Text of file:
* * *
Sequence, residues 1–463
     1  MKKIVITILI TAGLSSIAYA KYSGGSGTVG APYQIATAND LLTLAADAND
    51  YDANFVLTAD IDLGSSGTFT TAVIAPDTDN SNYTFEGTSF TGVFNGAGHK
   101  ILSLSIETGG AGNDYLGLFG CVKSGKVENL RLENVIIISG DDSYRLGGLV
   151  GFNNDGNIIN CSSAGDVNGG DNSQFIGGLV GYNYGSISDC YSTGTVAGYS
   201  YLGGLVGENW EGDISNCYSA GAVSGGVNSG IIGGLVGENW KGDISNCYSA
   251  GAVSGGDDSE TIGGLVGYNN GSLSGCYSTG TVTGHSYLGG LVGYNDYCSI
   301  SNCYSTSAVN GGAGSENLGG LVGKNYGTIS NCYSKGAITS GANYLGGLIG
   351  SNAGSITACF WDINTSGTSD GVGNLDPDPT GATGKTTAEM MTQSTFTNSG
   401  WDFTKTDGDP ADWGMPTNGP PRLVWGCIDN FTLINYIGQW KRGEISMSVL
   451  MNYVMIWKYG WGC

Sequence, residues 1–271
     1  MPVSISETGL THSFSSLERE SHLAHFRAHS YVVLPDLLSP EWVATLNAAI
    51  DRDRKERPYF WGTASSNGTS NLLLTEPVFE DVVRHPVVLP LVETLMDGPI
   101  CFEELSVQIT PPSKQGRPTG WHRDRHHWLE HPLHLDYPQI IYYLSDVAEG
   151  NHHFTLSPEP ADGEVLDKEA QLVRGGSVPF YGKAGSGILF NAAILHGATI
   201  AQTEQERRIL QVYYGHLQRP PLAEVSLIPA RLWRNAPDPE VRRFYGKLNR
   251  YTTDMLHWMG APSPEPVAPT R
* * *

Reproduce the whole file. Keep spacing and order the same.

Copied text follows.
Sequence, residues 1–463
     1  MKKIVITILI TAGLSSIAYA KYSGGSGTVG APYQIATAND LLTLAADAND
    51  YDANFVLTAD IDLGSSGTFT TAVIAPDTDN SNYTFEGTSF TGVFNGAGHK
   101  ILSLSIETGG AGNDYLGLFG CVKSGKVENL RLENVIIISG DDSYRLGGLV
   151  GFNNDGNIIN CSSAGDVNGG DNSQFIGGLV GYNYGSISDC YSTGTVAGYS
   201  YLGGLVGENW EGDISNCYSA GAVSGGVNSG IIGGLVGENW KGDISNCYSA
   251  GAVSGGDDSE TIGGLVGYNN GSLSGCYSTG TVTGHSYLGG LVGYNDYCSI
   301  SNCYSTSAVN GGAGSENLGG LVGKNYGTIS NCYSKGAITS GANYLGGLIG
   351  SNAGSITACF WDINTSGTSD GVGNLDPDPT GATGKTTAEM MTQSTFTNSG
   401  WDFTKTDGDP ADWGMPTNGP PRLVWGCIDN FTLINYIGQW KRGEISMSVL
   451  MNYVMIWKYG WGC

Sequence, residues 1–271
     1  MPVSISETGL THSFSSLERE SHLAHFRAHS YVVLPDLLSP EWVATLNAAI
    51  DRDRKERPYF WGTASSNGTS NLLLTEPVFE DVVRHPVVLP LVETLMDGPI
   101  CFEELSVQIT PPSKQGRPTG WHRDRHHWLE HPLHLDYPQI IYYLSDVAEG
   151  NHHFTLSPEP ADGEVLDKEA QLVRGGSVPF YGKAGSGILF NAAILHGATI
   201  AQTEQERRIL QVYYGHLQRP PLAEVSLIPA RLWRNAPDPE VRRFYGKLNR
   251  YTTDMLHWMG APSPEPVAPT R